A Greater than Abraham

John Griffiths, Port Talbot, Wales [SEE PROFILE BELOW]

Precious Seed

The question is posed, ‘Art thou greater than our father Abraham, which is dead?’ John 8. 53. Unequivocally, Luke states of Christ, ‘He shall be great’. He is our great High Priest, the great King, the great Shepherd and the great God and our Saviour, Jesus Christ. He is personally great in goodness and beauty, and He proffers great love and a ‘so great salvation’.

 

Let us consider Christ, a greater than Abraham.

 

Abraham and his Frequency of Mention

There are about 300 references to Abram/Abraham in the concordance. Fourteen out of fifty chapters of Genesis record his history. Twelve verses out of forty in Hebrews 11 speak of his faith. Stephen allocates seven verses in Acts chapter 7 to this man. 

 

But Christ is greater even in the space devoted to Him: ‘Christ in all the scriptures’. John would go further in stating, ‘And there are also many other things which Jesus did, the which, if they should be written every one, I suppose that even the world itself could not contain the books that should be written. Amen’, John 21. 25. Who can compare with Him?

 

Abraham and his Faith

Paul in Romans, James in his Epistle, and the writer of Hebrews all make much of Abraham’s faith. It is truly impressive, given his background, that he believed God, obeyed His commands, and trusted His promises, Gen. 12. 1-3.

 

Yet, of Christ we read, ‘the author and finisher of our faith’, Heb. 12. 2, literally, the Pioneer and Perfecter of faith. Abraham could never claim such a distinction. Christ is unique. Psalm 16 begins, ‘Preserve me, O God: for in thee do I put my trust’. ‘He trusted on the Lord that he would deliver him: let him deliver him, seeing he delighted in him. But thou art he that took me out of the womb: thou didst make me hope when I was upon my mother’s breasts. I was cast upon thee from the womb: thou art my God from my mother’s belly’, Ps. 22. 8-10 (here hope means trust).

 

His enemies confirmed Christ’s faith with the use of a Hebrew word for ‘trusted’, which occurs only here in the Bible, and indicates rolling the burden wholly and completely upon the Lord, Matt. 27. 43. 

 

The nine-fold fruit of the Spirit is seen in all its fullness in Christ and includes faith. The absolute dependence of Christ upon His Father during His earthy life  of  thirty-three years as a man and a bondservant is remarkable. Not even in the wilderness amidst wild beasts, having fasted forty days, could Satan cause our blessed Lord to act independently of His Father. What faith!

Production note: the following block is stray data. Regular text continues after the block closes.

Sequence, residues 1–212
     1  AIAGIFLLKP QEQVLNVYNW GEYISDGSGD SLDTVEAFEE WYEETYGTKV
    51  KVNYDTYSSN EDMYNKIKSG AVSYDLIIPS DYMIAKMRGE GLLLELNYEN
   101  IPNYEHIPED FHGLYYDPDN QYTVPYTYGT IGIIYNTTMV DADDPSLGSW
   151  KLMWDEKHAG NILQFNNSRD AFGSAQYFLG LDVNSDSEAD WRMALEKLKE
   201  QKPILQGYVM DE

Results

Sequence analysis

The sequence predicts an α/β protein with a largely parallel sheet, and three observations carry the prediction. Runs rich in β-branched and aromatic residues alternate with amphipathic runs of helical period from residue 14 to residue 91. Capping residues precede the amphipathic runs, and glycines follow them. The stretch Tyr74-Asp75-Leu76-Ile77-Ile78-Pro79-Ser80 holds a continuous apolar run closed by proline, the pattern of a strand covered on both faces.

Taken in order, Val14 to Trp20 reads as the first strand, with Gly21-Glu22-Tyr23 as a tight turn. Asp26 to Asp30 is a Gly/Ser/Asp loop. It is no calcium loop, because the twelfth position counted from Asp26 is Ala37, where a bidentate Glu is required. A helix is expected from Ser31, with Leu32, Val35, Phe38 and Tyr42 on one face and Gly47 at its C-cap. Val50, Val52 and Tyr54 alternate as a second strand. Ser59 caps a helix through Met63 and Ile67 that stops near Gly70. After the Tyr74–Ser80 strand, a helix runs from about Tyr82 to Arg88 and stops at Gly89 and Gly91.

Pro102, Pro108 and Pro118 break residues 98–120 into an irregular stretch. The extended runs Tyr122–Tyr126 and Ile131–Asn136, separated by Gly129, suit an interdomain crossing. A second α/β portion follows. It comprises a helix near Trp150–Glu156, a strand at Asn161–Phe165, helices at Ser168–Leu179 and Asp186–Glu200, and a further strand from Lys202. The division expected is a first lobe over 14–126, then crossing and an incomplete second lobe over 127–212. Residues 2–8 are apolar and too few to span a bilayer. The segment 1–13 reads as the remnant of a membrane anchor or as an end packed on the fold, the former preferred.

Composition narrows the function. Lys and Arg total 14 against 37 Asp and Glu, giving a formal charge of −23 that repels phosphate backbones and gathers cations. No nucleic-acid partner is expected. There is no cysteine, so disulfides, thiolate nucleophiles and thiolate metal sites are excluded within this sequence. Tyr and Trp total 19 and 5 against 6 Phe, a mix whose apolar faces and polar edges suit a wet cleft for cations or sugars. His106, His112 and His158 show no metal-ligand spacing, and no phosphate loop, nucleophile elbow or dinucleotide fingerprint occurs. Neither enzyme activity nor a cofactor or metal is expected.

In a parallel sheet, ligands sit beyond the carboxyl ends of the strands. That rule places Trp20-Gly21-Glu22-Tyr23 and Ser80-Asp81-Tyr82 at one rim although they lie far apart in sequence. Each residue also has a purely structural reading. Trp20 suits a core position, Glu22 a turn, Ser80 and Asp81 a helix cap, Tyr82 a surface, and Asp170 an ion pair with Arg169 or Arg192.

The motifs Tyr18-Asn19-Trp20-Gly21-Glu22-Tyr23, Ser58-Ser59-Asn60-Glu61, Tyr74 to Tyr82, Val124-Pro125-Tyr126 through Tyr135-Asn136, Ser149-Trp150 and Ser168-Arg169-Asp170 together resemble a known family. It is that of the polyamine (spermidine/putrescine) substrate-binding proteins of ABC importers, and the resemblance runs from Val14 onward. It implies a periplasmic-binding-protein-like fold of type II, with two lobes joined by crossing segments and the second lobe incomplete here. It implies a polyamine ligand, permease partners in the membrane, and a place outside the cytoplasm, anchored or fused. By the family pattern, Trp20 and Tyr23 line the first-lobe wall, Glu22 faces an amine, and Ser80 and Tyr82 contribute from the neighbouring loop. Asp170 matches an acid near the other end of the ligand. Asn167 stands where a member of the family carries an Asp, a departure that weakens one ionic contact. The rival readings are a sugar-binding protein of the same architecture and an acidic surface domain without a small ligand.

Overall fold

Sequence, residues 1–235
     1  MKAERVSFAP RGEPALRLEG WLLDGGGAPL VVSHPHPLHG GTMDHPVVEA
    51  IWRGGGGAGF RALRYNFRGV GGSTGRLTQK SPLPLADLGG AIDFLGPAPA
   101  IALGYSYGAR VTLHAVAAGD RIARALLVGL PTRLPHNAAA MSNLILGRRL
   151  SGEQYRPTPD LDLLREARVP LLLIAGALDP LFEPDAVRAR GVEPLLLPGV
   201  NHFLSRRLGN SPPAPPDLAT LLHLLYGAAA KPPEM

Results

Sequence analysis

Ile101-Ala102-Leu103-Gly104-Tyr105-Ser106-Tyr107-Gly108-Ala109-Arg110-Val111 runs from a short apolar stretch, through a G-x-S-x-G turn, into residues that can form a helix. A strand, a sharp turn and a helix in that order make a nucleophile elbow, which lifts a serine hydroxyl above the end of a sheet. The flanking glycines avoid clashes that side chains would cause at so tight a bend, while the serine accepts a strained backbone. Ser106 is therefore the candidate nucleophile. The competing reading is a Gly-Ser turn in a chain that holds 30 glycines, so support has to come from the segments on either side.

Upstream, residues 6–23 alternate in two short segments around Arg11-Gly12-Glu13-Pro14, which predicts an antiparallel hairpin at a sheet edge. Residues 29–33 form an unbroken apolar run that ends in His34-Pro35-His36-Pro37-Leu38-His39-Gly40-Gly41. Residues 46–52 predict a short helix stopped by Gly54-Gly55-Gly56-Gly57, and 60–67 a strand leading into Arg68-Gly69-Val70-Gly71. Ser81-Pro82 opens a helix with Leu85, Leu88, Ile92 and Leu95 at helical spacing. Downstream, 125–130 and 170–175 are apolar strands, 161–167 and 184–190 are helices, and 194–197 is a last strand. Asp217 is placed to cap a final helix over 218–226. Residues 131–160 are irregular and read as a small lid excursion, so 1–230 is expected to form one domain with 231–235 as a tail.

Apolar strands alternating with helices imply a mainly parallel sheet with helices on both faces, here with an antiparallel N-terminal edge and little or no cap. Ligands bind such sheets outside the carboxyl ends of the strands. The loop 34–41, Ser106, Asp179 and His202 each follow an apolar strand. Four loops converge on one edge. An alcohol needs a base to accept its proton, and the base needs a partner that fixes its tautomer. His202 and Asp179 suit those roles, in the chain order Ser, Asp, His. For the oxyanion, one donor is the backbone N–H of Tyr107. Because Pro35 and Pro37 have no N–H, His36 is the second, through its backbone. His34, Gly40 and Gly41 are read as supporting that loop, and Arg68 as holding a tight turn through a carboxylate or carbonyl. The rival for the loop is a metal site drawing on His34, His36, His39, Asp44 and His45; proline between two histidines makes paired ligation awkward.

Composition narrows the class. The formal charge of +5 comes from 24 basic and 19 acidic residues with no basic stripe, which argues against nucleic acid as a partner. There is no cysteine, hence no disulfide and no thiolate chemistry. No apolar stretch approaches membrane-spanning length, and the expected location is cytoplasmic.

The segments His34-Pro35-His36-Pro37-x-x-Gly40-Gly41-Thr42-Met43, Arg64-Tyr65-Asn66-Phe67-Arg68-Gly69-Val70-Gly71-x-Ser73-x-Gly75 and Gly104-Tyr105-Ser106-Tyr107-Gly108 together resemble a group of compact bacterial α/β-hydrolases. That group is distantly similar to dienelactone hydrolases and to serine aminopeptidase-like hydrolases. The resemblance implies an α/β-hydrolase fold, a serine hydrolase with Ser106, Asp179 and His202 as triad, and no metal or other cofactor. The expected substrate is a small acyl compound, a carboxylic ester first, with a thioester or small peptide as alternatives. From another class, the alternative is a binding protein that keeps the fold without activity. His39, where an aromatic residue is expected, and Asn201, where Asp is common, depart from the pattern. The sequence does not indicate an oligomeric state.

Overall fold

It was, of course, in the exercise of faith that Abraham occasionally failed. He could not trust God in a famine and went down to Egypt. He could not wait God’s time for the promised seed to be born and with Sarah’s co-operation took Hagar and produced Ishmael and not Isaac!

 

However, of Christ it is written, ‘He shall not fail nor be discouraged’, Isa. 42. 4. Abraham failed in his strongest point, faith; Christ never failed, having no strong or weak points. In Christ faith excels.

 

Abraham, the Friend of God

How unique is this title bestowed on Abraham and referred to on three occasions! It has been suggested that two features mark friendship: faithfulness and fellowship.

 

(i) Faithfulness - the fidelity of Abraham was never more greatly tested than when God asked him to offer Isaac as a burnt offering. Isaac was miraculously conceived and born when Abraham was 100 years old. In him were vested all God’s covenant promises yet, Abraham is being asked to offer his only son Isaac, whom he loved. How incredible to read, ‘And Abraham rose up early in the morning and saddled his ass’, Gen. 22. 3! And again, ‘I and the lad will go yonder and worship and come again to you’, v. 5. There was no reluctance to obey the Lord. Indeed, he had such implicit faith in God that he believed God would raise Isaac from the dead, if this was necessary to fulfil His promises. Abraham’s fidelity was born out of Abraham’s faith, ‘God will provide (out of) himself a (the) lamb for a burnt offering’.

 

Abraham is the first of ten people in our Bible described as faithful, the last being Antipas, ‘my faithful martyr’, Rev. 2. 13.